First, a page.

How I face ableism in university on a daily basis 

Having a service dog on campus makes my life a million times easier and allows me the opportunity to go to classes and feel safe on campus. Peach offers me the support I need for the functioning problems my disability presents. However, as someone with an invisible disability, I used to be able to walk around campus unnoticed. I told my therapist last year that I wish I was invisible because I feel like people are constantly looking at me, judging me, and of course, bullying and making fun of me. As someone with Borderline Personality Disorder (BPD) my brain is conditioned to interpret whispers, laughter, and talk from behind me as negative and directed at me personally. Due to my disorder, I usually jump to conclusions based on my biggest insecurities which usually manifest in weird obsessive thoughts; Did I forget to wear clothes? Do I have something stuck to me? Do I walk funny? Do I look weird?

Another huge fear stems from the fact that my disability is invisible and therefore invalid.

Background

I have learned how to accept these thoughts and de-escalate them; I’ve learned to cope. After being discharged from the hospital in which I spent over a thousand days in, I realized that I couldn’t go through society alone. 

The first year at McMaster University, my grades took a hit because I was trying to adjust to regular life and get an education at the same time. I saw several doctors and went through several treatment programs. We considered ketamine injections, electroconvulsive therapy, day treatment programs, quitting school for integration programs, moving into a supported household or crisis home indefinitely, etc. My meds tripled and right before I was ready to give up everything, someone came to me with an idea…“why don’t you get a service dog?” Peach was the key to my success and I was able to make it through summer and gain the confidence to try again because of her. But little did I know that this meant I would have to face my biggest fears every single day.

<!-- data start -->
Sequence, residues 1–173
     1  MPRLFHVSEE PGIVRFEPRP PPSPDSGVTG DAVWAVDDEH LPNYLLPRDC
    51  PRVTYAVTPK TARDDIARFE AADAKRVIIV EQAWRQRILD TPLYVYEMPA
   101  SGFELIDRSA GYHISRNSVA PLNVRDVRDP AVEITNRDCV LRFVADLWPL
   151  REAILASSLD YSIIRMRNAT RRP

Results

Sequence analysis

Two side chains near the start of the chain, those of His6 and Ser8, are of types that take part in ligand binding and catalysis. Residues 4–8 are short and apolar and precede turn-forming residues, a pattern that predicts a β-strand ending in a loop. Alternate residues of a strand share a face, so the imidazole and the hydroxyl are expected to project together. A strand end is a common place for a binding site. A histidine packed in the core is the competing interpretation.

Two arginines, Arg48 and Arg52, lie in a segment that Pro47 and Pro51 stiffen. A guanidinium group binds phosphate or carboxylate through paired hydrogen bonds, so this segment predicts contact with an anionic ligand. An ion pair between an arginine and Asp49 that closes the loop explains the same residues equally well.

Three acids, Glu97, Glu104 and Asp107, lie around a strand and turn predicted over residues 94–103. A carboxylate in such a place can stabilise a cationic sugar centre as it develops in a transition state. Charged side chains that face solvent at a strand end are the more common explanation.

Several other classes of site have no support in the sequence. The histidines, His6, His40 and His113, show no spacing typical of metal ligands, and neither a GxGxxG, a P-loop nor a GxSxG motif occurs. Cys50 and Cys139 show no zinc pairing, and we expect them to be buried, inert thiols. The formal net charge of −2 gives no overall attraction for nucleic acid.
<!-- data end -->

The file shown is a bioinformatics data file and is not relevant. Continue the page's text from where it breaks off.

My biggest fears as mentioned above are people making fun of me so I went through a phase when I didn’t want to be photographed ever because I hated how I looked and thought people would post it on the internet. Another huge fear stems from the fact that my disability is invisible and therefore invalid. I fear that it’s all made up in my head and I’m still in the hospital, just dreaming of getting out. After a few weeks of going to campus with Peach, I realized that I had to learn to cope with a whole new problem: people taking photos, staring, and approaching me due to my service animal. Of course this included all of my biggest fears because why the hell not! 

Hidden forms of ableism (and the obvious)

The benefits of having Peach with me outweighs the negative effects of people interacting with her, for the most part, so I choose to keep bringing her to school with me. I considered not bringing her several times but without Peach I lose a sense of safety, my anxiety increases, and my hallucinations (which are brought on by stress) start to get worse. But now that I learned that university students aren’t educated enough on disabilities to know that you should never interact with a service dog, I needed to learn to cope. Ableism on campus is funny because it’s so subtle people rarely notice it, or choose not to. For example, using the handicapped washroom which was built for accessibility purposes for persons with disabilities, for convenience, using handicapped entrances to get a better seat in class, blocking an accessibility entrance, blaming a student due to “laziness” when they know the student suffers from mental health problems/a mental illness, getting angry when someone with a disability inconveniences them especially when it means making them wait longer periods of time, and of course  interacting with service dogs.